Apart from this, there is also some evidence that Pityriasis lichenoides chronica could be caused by Lymphoproliferatuve disorder or the overgrowth of cells of the lymphatic system.

Presenting Features of Pityriasis Lichenoides Chronica:

The presenting features of Pityriasis lichenoides chronica or PLC, include the appearance of papules on skin surface. Typically these papules begin as small, pink spots, and they may have a scaly layer on the top. Over time, these papules may turn brown in color and fade eventually.

The trunk, arms, buttocks, and legs are the most common locations for the papules; however, they may also occur on the hand, face, feet and scalp. These papules are typically located in groups, and generally are not painful or itchy. It must be mentioned that these papules of pityriasis lichenoides chronica, resemble those associated with psoriasis, insect bites or chicken pox.

Stages of Pityriasis Lichenoides Chronica:

It may take weeks to months for the lesions characteristic of Pityriasis lichenoides to appear. Depending on the stage of PLC, lesions may present themselves at any one time.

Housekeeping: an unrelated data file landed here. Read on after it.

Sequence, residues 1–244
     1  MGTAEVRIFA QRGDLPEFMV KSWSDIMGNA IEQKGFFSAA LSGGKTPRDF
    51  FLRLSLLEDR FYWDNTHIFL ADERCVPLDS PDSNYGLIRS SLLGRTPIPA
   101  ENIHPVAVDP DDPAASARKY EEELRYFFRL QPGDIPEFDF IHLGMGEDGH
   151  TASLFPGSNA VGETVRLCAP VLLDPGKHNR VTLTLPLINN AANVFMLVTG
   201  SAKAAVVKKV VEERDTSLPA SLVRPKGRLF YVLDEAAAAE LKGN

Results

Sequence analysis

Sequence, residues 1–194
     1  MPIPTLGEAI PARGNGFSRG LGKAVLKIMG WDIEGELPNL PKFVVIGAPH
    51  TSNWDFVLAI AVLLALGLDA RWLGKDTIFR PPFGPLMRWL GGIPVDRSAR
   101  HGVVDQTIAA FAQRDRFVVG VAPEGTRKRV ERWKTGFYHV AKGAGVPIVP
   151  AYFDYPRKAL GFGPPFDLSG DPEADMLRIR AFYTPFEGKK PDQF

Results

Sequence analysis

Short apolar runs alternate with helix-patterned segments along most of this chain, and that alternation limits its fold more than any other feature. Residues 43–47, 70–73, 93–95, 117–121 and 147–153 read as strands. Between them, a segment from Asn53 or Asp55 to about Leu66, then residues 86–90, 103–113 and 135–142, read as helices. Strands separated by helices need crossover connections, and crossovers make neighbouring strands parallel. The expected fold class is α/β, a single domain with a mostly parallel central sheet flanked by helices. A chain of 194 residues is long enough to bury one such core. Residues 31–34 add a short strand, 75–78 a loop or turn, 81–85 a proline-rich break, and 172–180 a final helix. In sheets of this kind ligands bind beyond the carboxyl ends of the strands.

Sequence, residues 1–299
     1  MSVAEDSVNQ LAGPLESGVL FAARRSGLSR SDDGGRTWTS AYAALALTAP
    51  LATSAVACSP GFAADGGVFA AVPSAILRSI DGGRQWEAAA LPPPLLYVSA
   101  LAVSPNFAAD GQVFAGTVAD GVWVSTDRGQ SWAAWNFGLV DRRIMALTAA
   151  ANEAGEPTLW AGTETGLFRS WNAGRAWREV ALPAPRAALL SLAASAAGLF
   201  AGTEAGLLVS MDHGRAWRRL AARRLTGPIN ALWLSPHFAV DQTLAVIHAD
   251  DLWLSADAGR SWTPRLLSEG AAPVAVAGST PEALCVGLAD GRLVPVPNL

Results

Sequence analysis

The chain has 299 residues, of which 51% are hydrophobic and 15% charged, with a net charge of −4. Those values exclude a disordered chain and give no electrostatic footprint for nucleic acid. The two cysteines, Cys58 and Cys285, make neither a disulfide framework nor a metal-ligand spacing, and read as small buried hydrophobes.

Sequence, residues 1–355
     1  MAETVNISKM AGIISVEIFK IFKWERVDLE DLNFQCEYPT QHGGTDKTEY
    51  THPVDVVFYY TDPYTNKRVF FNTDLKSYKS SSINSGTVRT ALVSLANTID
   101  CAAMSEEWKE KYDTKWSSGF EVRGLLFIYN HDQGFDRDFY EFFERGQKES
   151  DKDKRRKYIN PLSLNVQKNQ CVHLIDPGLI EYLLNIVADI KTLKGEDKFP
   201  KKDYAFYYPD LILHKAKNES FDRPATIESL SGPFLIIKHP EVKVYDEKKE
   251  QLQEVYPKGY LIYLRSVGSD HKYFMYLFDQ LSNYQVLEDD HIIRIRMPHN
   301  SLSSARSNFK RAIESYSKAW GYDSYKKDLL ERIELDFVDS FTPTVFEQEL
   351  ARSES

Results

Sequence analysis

In the initial stage of PLC, there will be a tiny papule with pinkish tinge to it. As the condition advances, it becomes brown in color with a red tinge to it. Then, there is development of a scaly surface which is attached to the central part of the lesion. The individual can peel off the covering to reveal a shiny surface peeled off to reveal a shiny surface which has a pinkish tinge to it. In later stages, i.e. after several weeks, the lesions flattens out and there is a brown colored mark left behind which completely disappears after a few months.

Diagnosis of Pityriasis Lichenoides Chronica:

Physical Examination: Pityriasis lichenoides chronica or PLC may be suspected when a dermatologist observes papules on the skin that look like those that are associated with PLC. These papules can look like the papules caused by other diseases, such as psoriasis, chicken pox and insect bites. Apart from the physical examination, an extensive evaluation of the patient’s medical history would be required.

Dermoscopy. Dermoscopy is a skin examination done by the dermatologist utilizing a lens specially made to look at lesions seen with .